(5) With reference to Xeno, Diogenes who does not know the date of his birth, says that he flourished between B.C. 464–460; while William Turner places it at 490 B.C.; like Frank Thilly and B. D. Alexander; while Fuller, A. K. Rogers and W. G. Tennemann declare it is unknown.

(6) With references to Heraclitus, Zeller makes the following suppositions: if he died in 475 B.C. and if he was sixty years old when he died, then he must have been born in 535 B.C.; similarly Diogenes supposes that he flourished between B.C. 504–500; and while William Turner places his birth at 530 B.C.; Windelbrand places it at 536 B.C.; and

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the 300 Spartans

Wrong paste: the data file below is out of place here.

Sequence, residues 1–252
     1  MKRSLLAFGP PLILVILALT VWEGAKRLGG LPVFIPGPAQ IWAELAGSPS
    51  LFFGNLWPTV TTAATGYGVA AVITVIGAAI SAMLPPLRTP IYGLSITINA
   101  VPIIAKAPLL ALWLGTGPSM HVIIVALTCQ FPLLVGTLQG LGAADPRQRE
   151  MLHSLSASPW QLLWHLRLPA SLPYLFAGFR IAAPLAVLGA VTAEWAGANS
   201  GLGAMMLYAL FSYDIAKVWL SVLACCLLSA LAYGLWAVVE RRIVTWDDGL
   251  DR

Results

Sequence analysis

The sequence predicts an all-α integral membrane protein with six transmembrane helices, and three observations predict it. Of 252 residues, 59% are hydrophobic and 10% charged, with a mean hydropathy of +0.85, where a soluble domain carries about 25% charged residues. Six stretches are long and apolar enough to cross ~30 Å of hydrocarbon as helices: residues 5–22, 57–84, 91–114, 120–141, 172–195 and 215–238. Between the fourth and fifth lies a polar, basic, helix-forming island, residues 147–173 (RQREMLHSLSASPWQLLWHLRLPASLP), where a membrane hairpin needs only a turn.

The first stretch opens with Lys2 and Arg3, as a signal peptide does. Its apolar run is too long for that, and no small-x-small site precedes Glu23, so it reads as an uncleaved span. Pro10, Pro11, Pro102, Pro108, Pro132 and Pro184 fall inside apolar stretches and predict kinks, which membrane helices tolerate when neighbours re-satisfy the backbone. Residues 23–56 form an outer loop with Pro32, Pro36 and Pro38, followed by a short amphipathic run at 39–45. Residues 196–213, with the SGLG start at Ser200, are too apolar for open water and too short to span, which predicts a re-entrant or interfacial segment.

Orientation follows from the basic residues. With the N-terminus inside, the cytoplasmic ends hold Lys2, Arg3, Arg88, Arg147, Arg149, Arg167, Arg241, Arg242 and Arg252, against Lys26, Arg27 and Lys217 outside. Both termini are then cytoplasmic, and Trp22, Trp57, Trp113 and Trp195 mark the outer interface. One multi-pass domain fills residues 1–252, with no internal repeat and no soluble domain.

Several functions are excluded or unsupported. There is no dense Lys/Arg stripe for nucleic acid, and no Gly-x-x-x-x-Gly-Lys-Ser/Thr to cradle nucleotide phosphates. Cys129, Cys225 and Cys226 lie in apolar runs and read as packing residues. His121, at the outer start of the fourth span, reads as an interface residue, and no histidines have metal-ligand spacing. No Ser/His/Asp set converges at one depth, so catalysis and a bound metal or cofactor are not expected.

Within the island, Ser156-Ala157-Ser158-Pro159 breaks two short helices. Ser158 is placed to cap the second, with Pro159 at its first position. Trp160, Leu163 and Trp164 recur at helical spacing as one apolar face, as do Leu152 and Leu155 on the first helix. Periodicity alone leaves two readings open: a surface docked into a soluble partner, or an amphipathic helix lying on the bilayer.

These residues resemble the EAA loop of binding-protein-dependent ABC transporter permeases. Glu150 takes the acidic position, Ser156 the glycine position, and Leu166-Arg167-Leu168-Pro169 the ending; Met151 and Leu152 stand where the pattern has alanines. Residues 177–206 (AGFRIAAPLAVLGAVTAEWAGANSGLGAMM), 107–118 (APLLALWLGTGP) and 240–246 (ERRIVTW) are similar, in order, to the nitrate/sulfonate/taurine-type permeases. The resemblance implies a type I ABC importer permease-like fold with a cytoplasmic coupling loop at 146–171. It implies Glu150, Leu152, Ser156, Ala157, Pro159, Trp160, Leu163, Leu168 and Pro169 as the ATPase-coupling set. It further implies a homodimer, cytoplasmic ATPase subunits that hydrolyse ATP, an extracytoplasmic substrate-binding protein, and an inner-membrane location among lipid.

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« Reply #16 on: February 01, 2009, 04:09:13 pm »

Fuller and Tennemann declare that he flourished in 500 B.C.

(7) With reference to Pythagoras, Zeller who does not know the date of his birth supposes that it occurred between the years 580–570 B.C.; and while Diogenes also supposes that it occurred between the years 582–500 B.C.; William Turner, Fuller, Rogers, and Tennemann declare that it is unknown.

(Cool With reference to Empedocles, while Diogenes places his birth at 484 B.C.; Turner, Windelbrand, Fuller, B. D. Alexander and Tennemann place it at 490 B.C.; while A. K. Rogers and others declare it is unknown.

(9) With reference to Anaxagoras, while Zeller and Diogenes place his birth at 500 B.C.; William Turner, A. G. Fuller, and Frank Thilly agree with them, while Alexander places it at 450 B.C. and A. K. Rogers and others declare it is unknown.